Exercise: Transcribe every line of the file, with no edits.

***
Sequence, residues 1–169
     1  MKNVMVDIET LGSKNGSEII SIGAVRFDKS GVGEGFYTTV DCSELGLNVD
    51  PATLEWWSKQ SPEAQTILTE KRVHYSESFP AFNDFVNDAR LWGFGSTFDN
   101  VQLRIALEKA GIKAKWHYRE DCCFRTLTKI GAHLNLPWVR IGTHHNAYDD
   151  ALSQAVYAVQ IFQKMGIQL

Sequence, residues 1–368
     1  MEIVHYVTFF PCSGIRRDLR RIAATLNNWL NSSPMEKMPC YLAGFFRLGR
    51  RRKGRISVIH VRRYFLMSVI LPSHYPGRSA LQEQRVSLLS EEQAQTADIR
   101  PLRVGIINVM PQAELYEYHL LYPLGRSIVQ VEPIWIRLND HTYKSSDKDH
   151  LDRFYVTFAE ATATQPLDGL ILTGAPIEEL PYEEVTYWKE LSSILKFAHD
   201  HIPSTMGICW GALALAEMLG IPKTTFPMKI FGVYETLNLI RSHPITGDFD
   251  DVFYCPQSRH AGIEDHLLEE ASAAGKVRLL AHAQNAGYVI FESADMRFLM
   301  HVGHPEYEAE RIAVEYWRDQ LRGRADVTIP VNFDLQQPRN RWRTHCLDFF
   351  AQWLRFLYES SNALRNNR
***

Sequence, residues 1–169
     1  MKNVMVDIET LGSKNGSEII SIGAVRFDKS GVGEGFYTTV DCSELGLNVD
    51  PATLEWWSKQ SPEAQTILTE KRVHYSESFP AFNDFVNDAR LWGFGSTFDN
   101  VQLRIALEKA GIKAKWHYRE DCCFRTLTKI GAHLNLPWVR IGTHHNAYDD
   151  ALSQAVYAVQ IFQKMGIQL

Sequence, residues 1–368
     1  MEIVHYVTFF PCSGIRRDLR RIAATLNNWL NSSPMEKMPC YLAGFFRLGR
    51  RRKGRISVIH VRRYFLMSVI LPSHYPGRSA LQEQRVSLLS EEQAQTADIR
   101  PLRVGIINVM PQAELYEYHL LYPLGRSIVQ VEPIWIRLND HTYKSSDKDH
   151  LDRFYVTFAE ATATQPLDGL ILTGAPIEEL PYEEVTYWKE LSSILKFAHD
   201  HIPSTMGICW GALALAEMLG IPKTTFPMKI FGVYETLNLI RSHPITGDFD
   251  DVFYCPQSRH AGIEDHLLEE ASAAGKVRLL AHAQNAGYVI FESADMRFLM
   301  HVGHPEYEAE RIAVEYWRDQ LRGRADVTIP VNFDLQQPRN RWRTHCLDFF
   351  AQWLRFLYES SNALRNNR